History of Knebworth
Knebworth is a parish comprised of a principal village of around 2,500 dwellings and several outlying settlements. It is completely surrounded by green belt and encircled by much larger towns; within 15 km are the Hertfordshire towns of Stevenage, Welwyn Garden City, Hertford, Hatfield and Letchworth, and Luton in Bedfordshire.
The first written record of Knebworth is in the Domesday Book. It records an entry of a typical agricultural village for hundreds of years, dominated by a large manor, and surrounded by a small farming community.
Throughout the 1800's, Knebworth had changed very little, but by the end of the century the industrial revolution was finally having a dramatic effect. The population had doubled, and new trades and professions were arriving. This was all due to the opening of the railway station.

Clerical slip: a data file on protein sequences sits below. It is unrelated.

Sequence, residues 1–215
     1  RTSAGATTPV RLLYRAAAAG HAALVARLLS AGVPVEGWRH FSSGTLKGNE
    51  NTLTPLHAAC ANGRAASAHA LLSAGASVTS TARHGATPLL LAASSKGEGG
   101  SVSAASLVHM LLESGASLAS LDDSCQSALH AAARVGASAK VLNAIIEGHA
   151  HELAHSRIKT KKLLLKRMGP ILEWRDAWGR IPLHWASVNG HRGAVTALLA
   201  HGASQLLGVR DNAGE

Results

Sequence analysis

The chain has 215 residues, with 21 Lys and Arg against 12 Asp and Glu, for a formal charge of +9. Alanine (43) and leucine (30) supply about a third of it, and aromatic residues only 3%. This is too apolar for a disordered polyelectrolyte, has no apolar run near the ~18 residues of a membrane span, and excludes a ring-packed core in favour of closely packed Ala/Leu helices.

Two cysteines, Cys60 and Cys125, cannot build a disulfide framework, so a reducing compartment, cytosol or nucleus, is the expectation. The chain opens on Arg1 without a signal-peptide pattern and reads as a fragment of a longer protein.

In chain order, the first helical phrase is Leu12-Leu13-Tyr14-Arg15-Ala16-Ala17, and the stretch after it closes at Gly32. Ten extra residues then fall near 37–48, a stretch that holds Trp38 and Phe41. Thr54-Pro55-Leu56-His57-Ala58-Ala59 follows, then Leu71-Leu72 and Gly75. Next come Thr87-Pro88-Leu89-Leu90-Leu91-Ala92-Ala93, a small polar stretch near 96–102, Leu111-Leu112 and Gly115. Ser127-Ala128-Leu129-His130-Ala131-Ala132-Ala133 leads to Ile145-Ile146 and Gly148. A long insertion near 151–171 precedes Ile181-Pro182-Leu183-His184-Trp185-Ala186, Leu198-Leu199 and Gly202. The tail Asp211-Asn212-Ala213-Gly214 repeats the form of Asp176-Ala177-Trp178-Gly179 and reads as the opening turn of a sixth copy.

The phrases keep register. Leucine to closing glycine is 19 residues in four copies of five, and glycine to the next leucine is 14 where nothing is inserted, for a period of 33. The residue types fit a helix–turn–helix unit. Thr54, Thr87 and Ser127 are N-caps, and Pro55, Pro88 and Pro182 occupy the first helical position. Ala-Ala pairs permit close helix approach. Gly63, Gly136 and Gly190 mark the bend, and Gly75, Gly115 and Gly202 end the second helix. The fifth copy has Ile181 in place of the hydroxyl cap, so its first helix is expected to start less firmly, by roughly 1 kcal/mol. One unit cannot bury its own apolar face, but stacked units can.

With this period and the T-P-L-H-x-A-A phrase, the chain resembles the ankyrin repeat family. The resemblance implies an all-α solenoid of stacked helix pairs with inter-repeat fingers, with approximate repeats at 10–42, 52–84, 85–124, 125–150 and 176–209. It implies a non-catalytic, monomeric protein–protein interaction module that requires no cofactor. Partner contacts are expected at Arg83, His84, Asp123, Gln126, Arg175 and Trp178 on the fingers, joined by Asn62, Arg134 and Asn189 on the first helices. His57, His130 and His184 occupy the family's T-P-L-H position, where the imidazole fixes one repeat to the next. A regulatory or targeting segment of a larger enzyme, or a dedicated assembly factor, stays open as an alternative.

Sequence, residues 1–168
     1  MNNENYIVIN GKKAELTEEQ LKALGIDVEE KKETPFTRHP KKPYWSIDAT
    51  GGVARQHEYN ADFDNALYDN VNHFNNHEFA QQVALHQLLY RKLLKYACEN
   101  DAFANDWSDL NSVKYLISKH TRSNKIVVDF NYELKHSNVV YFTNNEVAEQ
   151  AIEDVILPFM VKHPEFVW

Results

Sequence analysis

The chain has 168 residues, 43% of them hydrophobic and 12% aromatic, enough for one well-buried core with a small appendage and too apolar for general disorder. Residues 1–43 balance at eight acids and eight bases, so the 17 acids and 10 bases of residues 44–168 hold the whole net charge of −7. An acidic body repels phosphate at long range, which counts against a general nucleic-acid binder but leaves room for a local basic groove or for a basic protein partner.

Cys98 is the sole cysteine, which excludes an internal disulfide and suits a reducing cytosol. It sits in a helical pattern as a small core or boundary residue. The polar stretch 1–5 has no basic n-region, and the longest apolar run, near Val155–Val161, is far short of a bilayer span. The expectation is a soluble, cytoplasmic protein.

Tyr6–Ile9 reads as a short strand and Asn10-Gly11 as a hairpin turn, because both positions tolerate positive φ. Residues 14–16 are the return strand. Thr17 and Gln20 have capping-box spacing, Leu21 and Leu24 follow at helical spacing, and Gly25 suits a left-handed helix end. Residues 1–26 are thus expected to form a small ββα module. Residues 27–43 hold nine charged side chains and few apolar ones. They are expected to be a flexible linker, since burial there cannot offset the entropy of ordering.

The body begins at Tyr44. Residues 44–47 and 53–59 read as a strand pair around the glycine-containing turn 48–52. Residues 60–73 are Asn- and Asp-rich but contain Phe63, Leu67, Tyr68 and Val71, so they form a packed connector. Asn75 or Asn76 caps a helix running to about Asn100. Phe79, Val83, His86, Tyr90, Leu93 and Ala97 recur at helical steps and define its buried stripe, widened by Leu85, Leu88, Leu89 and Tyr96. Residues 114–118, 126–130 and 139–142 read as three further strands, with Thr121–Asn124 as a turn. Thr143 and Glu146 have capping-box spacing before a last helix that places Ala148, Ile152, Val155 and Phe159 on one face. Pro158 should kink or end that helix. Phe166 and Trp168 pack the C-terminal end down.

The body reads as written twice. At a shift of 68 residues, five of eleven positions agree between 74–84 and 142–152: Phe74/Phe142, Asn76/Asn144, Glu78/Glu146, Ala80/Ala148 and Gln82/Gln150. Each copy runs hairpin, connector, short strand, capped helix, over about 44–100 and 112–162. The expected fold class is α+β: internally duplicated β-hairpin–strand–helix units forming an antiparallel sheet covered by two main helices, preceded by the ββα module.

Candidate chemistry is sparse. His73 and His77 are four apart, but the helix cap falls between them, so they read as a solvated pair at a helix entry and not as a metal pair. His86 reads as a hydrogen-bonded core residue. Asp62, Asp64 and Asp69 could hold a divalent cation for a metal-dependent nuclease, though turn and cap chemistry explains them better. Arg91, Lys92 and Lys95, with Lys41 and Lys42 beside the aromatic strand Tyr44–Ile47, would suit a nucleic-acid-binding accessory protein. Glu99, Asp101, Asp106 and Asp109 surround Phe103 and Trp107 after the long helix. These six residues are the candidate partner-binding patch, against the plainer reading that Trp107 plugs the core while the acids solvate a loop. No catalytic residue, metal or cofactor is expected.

The opening of the railway station about one mile from the village (now Old Knebworth) and just to the west of the Great North Road in February 1884 created a new and separate settlement which, according to a map made at the beginning of the 1900's, became known as Knebworth Station. There were already a number of small cottages and some farm buildings in the area that dated from the 17th and 18th centuries.
New properties were built, and new people moved into them creating a whole new village, to be known later as New Knebworth, then, just as Knebworth, with the original village becoming known as Old Knebworth.